She is a strong believer in Iowa Values - this was a state with an early commitment to education:  Iowa Wesleyan in her home town was the first college west of the Mississippi , chraterd in 1842 and holding its first classes in 1846.  It is a state with a strong sense of communities -  one can think of the Amana Community, the Quaker settlement at West Branch, the Bohemian community of Spillville where Antonin Dvorak wrote his 9th Symphony ("From the New World").  Iowa has a strong tradition in local control - of education in particular.  Iowans do not like outsiders telling them what to do, which of course complicates their politics with the first in the nation Presidential caucuses.  

Steve King has chosen to use his prominence as a Congressman to push a radical agenda that has little to do with the people of his district.  He has been more concerned with his agenda and himself.  There was an amendment for a bonus for military who had served in combat zones that failed by one vote -  King voted against this, despite Iowa's long and proud tradition of service.  In the meantime, during King's six terms in Congress he voted for increases in his pay of more than 19,000/year.  By contrast, Christie has called on Congressman King to give back his pay raises to taxpayers. She has also pledged to vote against and to give back any increase in pay until the budget is balanced.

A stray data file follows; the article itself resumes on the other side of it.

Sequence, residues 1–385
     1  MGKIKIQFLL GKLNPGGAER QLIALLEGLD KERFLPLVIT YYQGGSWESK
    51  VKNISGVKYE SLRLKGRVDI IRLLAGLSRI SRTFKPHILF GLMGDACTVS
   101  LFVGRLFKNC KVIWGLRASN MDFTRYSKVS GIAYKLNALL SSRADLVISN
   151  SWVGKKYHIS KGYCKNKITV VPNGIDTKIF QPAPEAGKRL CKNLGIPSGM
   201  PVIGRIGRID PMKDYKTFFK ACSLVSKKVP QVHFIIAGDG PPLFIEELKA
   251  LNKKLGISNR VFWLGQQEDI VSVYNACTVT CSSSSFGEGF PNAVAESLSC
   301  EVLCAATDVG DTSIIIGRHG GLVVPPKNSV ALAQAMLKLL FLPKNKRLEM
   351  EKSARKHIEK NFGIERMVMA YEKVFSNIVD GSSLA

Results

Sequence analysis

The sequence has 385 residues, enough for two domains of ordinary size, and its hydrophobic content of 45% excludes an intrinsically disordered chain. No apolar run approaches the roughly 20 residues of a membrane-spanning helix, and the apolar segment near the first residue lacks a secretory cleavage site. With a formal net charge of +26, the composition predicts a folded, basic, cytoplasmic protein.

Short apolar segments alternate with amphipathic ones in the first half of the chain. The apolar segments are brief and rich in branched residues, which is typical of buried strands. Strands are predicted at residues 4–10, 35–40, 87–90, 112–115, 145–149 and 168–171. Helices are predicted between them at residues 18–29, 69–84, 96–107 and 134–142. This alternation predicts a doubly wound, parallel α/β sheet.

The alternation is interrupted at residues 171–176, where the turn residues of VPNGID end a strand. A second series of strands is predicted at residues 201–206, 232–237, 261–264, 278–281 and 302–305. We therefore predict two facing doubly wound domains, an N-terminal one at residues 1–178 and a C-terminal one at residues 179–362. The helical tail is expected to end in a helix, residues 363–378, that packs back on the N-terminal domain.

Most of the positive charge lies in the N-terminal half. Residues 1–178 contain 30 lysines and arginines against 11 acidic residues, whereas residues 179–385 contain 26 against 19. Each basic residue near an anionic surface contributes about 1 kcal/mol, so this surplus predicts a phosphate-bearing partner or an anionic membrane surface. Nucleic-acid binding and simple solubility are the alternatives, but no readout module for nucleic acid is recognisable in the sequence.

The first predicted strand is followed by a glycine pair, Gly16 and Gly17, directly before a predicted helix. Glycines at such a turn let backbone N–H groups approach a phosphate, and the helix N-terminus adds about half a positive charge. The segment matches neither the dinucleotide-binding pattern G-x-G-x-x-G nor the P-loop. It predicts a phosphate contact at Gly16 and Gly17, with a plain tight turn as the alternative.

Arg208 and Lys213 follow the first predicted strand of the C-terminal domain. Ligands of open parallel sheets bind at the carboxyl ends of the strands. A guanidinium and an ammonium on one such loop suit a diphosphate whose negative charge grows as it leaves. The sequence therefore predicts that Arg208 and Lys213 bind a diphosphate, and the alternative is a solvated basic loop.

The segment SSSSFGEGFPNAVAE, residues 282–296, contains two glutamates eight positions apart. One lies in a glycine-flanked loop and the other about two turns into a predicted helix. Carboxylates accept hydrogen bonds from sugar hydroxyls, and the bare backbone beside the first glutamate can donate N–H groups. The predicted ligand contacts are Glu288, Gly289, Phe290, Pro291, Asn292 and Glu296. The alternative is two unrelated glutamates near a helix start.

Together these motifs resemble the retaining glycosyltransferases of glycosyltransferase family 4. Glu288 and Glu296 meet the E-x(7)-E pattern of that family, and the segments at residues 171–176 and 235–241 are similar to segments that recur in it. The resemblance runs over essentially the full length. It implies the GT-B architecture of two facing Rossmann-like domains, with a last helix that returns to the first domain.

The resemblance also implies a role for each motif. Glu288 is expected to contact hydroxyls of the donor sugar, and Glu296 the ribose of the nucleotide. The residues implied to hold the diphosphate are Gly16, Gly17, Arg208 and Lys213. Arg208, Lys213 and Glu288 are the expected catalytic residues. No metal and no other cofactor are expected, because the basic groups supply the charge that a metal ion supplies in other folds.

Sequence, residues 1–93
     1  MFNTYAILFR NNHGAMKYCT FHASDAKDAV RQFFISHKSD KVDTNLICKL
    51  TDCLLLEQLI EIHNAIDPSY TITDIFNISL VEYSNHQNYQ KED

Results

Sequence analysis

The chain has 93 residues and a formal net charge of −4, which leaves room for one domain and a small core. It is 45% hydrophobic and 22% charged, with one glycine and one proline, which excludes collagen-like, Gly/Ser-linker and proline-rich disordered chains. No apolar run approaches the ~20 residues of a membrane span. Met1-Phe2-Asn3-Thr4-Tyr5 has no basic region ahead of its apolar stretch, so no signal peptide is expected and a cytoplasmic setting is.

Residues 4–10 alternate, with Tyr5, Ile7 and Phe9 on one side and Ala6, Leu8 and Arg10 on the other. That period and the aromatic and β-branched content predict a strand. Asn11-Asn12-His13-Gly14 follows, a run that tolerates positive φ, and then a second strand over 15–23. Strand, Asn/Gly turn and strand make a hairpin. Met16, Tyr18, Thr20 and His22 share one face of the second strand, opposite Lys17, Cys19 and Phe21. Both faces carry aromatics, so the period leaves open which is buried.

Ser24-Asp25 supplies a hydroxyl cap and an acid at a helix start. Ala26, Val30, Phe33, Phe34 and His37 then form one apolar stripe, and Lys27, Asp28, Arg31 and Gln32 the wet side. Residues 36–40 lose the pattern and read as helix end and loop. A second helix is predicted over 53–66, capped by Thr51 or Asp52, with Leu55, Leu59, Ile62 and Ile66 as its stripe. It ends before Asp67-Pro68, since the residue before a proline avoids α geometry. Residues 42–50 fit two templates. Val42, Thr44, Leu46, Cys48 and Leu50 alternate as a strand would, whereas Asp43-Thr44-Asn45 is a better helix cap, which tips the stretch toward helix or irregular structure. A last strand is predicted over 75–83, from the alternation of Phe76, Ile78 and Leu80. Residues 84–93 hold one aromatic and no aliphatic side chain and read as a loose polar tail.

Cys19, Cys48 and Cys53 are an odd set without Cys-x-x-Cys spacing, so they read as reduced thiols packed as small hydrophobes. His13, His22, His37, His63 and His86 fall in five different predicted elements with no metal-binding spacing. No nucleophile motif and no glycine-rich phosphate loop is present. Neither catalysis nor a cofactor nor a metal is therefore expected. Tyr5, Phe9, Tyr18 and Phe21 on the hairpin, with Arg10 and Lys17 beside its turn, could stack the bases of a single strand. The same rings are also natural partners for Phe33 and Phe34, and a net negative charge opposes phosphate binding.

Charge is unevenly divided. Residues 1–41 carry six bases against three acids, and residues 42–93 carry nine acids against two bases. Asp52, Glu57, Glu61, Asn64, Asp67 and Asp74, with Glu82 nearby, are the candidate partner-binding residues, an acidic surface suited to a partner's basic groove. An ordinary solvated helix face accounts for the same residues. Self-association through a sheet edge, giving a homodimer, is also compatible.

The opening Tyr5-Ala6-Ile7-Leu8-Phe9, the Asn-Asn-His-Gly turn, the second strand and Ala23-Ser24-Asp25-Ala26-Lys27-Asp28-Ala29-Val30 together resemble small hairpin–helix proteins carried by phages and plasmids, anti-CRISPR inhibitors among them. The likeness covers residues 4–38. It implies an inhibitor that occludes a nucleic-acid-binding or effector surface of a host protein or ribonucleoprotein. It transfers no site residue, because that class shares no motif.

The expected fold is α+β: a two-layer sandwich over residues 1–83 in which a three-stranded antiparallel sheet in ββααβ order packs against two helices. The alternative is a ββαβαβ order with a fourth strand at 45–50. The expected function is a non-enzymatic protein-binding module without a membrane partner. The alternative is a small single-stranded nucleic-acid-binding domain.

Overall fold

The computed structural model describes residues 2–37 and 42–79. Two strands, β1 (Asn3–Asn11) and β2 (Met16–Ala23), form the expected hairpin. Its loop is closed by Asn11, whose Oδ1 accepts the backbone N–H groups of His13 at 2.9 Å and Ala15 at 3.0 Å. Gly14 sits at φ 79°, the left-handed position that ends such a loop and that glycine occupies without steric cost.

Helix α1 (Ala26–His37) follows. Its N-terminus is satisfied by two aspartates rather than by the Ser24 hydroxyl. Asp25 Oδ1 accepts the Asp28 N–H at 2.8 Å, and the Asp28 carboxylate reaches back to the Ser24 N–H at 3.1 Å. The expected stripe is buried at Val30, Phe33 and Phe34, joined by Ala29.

The district as newly drawn is 37% independents -  it is far from being as conservative as is the district King currently represents.  By including Story County (Iowa does not divide counties in drawing up Congressional districts) it has Ames and Iowa State University, a large pool of voters who will not be inclined towards the radical agenda that King has pushed.

King's failure to obtain a chairmanship despite his seniority when the Republicans took control of the House also enables Christie to point out how ineffective he is seen even by the leadership of his own party.